Eli Salzberger, a law professor at the University of Haifa, said the panel consisted of the court’s 11 most senior justices and it was impossible to predict which way the diverse group would lean. “We cannot really map the court ideologically,” he said.

Last week, Israel’s attorney general, Avichai Mandelblit, said in an opinion to the court that while Mr. Netanyahu’s indictments “raise significant problems,” there was no legal basis for barring him from serving while facing criminal charges.

Salzberger said Mr. Mandelblit’s recommendation gave a boost to Mr. Netanyahu's side, but noted the court has disagreed with the attorney general in the past. “It’s not a final decision," he said.

This story was reported by The Associated Press. AP writer Ilan Ben Zion contributed to this report.

Editor’s note: As a public service, the Monitor has removed the paywall for all our coronavirus

You've read  of  free articles. Subscribe to continue.

Dear Reader,

About a year ago, I happened upon this statement about the Monitor in the Harvard Business Review – under the charming heading of “do things that don’t interest you”:

“Many things that end up” being meaningful, writes social scientist Joseph Grenny, “have come from conference workshops, articles, or online videos that began as a chore and ended with an insight. My work in Kenya, for example, was heavily influenced by a Christian Science Monitor article I had forced myself to read 10 years earlier. Sometimes, we call things ‘boring’ simply because they lie outside the box we are currently in.”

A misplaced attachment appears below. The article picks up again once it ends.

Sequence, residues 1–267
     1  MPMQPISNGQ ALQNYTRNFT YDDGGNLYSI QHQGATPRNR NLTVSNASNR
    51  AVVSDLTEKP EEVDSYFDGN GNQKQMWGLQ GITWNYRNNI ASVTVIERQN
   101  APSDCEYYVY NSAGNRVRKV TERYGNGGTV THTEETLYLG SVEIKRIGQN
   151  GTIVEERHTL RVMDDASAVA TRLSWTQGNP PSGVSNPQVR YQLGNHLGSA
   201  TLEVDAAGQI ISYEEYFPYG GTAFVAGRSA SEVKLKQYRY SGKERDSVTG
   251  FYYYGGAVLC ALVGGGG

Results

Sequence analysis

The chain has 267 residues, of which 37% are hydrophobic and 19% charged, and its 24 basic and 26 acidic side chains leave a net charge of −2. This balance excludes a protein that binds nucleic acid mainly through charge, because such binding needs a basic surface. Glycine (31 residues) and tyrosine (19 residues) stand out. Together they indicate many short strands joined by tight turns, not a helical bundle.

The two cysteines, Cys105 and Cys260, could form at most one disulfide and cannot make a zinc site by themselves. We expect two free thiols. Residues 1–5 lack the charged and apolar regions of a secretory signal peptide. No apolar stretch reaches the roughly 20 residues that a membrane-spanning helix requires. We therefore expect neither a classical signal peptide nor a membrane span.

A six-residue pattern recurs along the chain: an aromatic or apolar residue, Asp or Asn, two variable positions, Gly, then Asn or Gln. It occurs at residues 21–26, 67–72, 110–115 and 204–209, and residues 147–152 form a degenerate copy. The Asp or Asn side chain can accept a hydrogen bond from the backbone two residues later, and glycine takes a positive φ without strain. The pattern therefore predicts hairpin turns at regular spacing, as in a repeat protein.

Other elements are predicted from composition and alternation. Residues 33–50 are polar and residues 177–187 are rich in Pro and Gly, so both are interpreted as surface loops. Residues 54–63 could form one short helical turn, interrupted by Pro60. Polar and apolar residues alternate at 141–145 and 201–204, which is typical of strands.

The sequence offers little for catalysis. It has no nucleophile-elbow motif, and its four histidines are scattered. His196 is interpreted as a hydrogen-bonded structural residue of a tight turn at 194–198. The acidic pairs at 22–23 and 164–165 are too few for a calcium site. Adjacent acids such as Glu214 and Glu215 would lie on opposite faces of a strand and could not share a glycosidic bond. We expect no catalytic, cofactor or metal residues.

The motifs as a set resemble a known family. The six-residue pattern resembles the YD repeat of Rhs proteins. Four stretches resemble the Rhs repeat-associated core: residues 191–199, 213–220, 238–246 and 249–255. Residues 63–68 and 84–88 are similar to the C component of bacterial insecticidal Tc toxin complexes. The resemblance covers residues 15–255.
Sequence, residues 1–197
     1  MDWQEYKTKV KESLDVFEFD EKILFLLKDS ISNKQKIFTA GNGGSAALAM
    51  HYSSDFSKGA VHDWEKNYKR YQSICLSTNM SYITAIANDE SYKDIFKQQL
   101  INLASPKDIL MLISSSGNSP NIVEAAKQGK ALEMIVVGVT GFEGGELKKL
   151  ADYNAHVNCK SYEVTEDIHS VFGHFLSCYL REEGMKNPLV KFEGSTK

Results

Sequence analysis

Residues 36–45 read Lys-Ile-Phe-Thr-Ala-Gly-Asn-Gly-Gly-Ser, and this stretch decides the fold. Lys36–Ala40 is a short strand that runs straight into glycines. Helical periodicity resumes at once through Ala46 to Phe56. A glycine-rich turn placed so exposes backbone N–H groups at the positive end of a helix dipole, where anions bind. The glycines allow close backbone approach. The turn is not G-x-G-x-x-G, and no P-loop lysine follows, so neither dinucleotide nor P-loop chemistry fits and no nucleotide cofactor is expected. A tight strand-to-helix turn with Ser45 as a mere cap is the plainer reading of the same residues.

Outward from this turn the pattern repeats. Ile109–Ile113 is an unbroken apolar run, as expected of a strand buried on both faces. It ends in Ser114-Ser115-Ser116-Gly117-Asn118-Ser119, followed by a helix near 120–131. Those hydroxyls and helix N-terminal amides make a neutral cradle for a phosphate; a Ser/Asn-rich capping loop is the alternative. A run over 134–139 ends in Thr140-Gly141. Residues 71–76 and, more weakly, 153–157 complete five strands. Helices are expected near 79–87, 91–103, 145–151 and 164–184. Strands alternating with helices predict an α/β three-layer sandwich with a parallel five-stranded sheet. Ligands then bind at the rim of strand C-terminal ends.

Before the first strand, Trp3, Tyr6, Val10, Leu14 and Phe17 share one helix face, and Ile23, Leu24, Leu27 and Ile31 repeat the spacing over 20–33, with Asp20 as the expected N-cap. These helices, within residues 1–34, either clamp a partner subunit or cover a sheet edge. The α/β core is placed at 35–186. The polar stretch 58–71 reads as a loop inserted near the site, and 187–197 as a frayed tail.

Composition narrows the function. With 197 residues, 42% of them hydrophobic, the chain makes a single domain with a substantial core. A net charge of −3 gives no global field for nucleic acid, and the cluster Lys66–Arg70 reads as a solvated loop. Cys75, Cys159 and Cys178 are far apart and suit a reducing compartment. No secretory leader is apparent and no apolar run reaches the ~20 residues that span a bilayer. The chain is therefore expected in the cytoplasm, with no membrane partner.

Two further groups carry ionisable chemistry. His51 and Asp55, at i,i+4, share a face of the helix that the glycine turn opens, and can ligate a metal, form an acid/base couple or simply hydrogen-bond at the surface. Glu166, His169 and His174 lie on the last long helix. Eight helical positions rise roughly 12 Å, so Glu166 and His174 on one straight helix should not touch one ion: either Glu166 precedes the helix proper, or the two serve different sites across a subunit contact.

If you were to come up with a punchline to a joke about the Monitor, that would probably be it. We’re seen as being global, fair, insightful, and perhaps a bit too earnest. We’re the bran muffin of journalism.

But you know what? We change lives. And I’m going to argue that we change lives precisely because we force open that too-small box that most human beings think they live in.

The Monitor is a peculiar little publication that’s hard for the world to figure out. We’re run by a church, but we’re not only for church members and we’re not about converting people. We’re known as being fair even as the world becomes as polarized as at any time since the newspaper’s founding in 1908.

We have a mission beyond circulation, we want to bridge divides. We’re about kicking down the door of thought everywhere and saying, “You are bigger and more capable than you realize. And we can prove it.”

If you’re looking for bran muffin journalism, you can subscribe to the Monitor for $15. You’ll get the Monitor Weekly magazine, the Monitor Daily email, and unlimited access to CSMonitor.com.